Another modification of a simple continuous suture.
The suture passes horizontally through the layers of the dermis, taking a bite from alternating wound edges, and the skin is pulled closed with no sutures visible.
This is a suture of low strength so is usually used in areas with low tension, however in a higher tension wound, skin sutures may be used in addition.
Intra-dermal sutures are more comfortable for the patient and help to prevent patient interference, they avoid tracking of infection into the wound and there is minimal scarring (Aspinall and Aspinall, 2013) (Figure 5).
A bite is taken at regular intervals around the perimeter of an opening, so that when pulled tight, it can be made smaller or closed completely.
Useful for areas such as the rectum (to correct a prolapse) or to create a water-tight seal around a tube (Jack and Watson, 2011) (Figure 6).
Interrupted sutures are used to relieve tension, or in areas where more strength is required. They are not as economical as a continuous suture as a knot must be tied after each suture placement, using a great deal more suture material. Should one of the sutures fail, this will not affect the rest of the sutures placed in the wound.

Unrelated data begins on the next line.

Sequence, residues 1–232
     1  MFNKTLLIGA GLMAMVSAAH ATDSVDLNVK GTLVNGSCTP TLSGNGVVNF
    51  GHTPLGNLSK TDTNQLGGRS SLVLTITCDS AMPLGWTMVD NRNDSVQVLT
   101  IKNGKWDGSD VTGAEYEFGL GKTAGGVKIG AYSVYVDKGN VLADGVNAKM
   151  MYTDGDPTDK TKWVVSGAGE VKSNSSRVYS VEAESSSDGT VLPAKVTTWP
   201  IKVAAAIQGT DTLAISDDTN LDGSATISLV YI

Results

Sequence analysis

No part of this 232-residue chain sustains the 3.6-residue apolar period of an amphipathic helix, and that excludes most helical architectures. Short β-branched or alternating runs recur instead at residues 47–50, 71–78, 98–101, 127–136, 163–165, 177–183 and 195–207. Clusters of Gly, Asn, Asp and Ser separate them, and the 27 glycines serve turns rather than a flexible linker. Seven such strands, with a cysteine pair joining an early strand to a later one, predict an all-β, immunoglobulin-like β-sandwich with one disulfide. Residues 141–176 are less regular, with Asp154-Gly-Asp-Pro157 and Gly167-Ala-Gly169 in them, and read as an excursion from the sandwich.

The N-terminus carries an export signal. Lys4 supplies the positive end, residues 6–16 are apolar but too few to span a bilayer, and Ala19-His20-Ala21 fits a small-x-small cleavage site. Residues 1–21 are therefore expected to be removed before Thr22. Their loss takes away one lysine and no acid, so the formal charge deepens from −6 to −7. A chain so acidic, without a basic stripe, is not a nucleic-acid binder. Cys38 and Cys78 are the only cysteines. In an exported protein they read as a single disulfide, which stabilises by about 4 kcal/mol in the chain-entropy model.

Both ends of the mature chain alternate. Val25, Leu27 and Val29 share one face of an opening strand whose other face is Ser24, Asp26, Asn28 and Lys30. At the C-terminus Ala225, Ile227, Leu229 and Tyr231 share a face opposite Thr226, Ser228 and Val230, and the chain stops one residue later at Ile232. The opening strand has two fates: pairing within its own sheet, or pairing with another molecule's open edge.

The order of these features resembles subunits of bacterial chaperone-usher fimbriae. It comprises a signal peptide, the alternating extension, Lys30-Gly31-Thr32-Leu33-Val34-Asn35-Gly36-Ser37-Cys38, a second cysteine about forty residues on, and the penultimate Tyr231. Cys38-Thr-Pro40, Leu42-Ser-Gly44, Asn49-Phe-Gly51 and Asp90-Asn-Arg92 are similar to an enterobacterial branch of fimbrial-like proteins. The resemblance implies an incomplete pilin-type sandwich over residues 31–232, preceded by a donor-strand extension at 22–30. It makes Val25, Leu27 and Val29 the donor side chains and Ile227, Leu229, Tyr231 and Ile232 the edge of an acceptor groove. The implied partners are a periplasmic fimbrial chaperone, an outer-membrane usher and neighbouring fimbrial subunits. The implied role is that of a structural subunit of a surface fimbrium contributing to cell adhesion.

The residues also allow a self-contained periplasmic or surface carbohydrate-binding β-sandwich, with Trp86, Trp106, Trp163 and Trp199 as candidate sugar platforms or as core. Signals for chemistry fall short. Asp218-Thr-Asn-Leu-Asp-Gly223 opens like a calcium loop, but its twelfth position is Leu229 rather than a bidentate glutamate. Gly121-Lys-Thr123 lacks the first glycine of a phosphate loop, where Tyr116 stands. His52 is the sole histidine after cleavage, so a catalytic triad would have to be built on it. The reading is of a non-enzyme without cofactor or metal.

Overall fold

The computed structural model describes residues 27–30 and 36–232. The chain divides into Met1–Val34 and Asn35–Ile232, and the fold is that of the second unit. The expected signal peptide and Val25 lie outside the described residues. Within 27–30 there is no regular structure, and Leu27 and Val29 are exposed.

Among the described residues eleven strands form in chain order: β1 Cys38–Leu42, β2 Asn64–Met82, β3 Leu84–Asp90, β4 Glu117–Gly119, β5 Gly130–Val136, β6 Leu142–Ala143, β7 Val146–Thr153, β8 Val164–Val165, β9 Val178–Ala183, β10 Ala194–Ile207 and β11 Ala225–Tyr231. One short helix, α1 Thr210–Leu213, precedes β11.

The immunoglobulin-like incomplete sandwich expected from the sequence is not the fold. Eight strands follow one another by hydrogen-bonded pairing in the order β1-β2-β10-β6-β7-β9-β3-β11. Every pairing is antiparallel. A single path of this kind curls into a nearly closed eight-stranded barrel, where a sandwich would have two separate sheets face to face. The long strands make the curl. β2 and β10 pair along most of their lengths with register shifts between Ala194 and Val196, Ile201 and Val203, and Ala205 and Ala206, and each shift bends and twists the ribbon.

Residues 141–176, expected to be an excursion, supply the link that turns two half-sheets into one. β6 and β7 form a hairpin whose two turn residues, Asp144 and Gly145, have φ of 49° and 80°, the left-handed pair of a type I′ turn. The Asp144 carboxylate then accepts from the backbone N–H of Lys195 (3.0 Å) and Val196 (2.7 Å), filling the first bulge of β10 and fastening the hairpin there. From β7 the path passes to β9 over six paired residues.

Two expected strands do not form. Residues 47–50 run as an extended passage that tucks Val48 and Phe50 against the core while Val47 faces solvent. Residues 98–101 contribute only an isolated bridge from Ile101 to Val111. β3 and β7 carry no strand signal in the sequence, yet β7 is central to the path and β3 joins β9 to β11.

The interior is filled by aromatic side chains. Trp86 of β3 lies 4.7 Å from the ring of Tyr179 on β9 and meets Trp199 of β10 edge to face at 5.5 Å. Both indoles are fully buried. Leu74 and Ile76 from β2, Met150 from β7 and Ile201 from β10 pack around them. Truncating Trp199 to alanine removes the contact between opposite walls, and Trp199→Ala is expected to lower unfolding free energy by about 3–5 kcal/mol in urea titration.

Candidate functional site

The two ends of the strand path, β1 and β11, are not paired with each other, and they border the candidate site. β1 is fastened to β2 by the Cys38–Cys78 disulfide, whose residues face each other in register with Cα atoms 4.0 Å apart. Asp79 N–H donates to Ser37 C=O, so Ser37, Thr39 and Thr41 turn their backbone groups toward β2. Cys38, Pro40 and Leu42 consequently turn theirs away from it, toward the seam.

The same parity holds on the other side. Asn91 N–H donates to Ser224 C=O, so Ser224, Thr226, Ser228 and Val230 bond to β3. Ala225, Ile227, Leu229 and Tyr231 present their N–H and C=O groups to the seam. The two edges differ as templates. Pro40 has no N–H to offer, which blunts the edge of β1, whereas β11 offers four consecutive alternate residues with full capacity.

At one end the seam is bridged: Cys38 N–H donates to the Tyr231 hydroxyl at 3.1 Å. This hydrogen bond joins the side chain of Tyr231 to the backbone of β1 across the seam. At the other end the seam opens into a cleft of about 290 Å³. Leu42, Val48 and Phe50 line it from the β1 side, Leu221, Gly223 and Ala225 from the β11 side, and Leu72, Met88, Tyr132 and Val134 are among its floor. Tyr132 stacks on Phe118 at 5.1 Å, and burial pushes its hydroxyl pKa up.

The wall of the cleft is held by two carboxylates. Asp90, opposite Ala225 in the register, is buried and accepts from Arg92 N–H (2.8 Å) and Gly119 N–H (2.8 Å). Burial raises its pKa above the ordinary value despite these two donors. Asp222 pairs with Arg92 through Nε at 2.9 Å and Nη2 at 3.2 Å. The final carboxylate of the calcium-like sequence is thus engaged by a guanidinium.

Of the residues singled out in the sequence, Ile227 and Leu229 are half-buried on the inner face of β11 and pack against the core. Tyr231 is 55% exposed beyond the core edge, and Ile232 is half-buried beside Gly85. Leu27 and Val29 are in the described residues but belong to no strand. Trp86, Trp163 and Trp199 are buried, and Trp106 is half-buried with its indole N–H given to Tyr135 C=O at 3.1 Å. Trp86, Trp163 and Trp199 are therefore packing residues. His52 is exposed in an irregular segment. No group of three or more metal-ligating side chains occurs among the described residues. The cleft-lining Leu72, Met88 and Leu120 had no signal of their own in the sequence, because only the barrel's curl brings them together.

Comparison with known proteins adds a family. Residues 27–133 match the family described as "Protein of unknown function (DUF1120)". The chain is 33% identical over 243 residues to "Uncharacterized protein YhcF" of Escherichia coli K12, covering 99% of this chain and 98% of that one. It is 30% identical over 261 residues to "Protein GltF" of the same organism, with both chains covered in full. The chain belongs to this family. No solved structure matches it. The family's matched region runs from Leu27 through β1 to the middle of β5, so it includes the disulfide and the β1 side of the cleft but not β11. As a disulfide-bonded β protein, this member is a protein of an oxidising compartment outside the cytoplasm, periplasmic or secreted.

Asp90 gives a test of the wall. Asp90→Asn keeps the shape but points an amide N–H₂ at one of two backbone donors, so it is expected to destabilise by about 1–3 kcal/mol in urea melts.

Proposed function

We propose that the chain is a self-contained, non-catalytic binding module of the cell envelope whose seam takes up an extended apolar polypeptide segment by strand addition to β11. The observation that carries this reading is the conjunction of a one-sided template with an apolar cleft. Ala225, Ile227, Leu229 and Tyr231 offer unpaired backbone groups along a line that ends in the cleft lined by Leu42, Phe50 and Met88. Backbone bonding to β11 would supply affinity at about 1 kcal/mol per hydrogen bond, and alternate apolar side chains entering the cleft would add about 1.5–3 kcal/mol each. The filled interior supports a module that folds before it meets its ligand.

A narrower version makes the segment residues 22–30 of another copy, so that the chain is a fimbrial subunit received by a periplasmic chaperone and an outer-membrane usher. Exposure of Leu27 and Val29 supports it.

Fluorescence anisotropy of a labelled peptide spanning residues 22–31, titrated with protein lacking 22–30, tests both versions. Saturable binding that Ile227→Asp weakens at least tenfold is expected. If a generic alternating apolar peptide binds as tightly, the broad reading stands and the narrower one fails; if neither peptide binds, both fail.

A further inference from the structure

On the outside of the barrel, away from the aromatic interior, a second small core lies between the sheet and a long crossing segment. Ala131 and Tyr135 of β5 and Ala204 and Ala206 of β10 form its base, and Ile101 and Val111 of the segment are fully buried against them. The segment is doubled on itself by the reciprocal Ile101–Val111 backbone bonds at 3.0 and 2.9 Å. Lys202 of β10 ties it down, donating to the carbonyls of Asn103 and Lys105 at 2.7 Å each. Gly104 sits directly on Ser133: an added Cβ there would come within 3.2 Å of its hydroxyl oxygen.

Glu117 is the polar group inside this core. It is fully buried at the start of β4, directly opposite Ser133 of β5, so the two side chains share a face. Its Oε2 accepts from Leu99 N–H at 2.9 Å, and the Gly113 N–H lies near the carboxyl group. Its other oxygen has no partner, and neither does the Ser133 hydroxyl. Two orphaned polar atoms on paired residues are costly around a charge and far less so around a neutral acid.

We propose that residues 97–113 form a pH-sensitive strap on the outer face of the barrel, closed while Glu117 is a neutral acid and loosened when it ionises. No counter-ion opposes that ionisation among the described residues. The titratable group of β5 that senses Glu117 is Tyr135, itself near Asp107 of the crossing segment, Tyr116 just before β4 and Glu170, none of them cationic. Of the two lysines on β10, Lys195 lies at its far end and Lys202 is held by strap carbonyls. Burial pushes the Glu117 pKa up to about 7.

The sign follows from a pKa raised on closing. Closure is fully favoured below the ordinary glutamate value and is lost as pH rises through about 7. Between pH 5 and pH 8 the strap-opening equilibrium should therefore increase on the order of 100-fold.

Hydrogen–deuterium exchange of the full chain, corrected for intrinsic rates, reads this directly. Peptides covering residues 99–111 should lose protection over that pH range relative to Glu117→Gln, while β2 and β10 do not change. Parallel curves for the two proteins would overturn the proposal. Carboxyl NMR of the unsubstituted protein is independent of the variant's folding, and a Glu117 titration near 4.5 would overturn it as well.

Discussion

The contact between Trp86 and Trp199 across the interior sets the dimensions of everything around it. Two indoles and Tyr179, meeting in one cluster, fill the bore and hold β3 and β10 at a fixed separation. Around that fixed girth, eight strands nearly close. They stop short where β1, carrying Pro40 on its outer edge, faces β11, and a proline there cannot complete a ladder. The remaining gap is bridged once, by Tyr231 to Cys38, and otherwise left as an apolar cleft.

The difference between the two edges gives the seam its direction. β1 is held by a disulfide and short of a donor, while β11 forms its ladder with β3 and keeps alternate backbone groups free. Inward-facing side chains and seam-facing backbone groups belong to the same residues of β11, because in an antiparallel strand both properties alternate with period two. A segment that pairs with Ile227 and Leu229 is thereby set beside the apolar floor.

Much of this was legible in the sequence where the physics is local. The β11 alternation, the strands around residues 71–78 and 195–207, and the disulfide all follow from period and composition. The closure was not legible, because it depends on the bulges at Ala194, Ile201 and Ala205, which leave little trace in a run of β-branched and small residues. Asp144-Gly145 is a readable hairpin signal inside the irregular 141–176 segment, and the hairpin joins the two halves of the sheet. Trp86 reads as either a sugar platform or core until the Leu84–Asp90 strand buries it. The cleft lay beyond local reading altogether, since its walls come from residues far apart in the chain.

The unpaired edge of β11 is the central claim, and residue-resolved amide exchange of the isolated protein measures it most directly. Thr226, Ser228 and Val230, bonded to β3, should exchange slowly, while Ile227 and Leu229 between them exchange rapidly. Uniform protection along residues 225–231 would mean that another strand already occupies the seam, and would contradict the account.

A bite is taken symmetrically at equal distance from either side of the wound, and pulled tight.
A knot is placed, and the suture material is trimmed before repeating the method until the wound is closed.
This type of suture is useful for closure of the linea alba during abdominal surgery or other areas requiring more strength (Jack and Watson, 2011) (Figure 7).
An ‘X’ shape is created over the wound.
A bite is taken from one side, passing to the other, before advancing forwards by 8–10 mm then repeating from the original bite side.
A knot is then placed to join the suture ends, over the top of the wound.
For this suture to be most effective, a square should be created with the corners of the suture.
This suture is used for tension relief and is stronger and quicker than simple interrupted sutures, as more of the wound is closed with each suture placed (Raffel, 2014) (Figure 8).
The needle is passed from one side of the wound to the other (2–5 mm away from the wound edge), then horizontally back across the wound, leaving a short gap (6–8 mm) between the bites.
This creates a horizontal suture either side of the wound.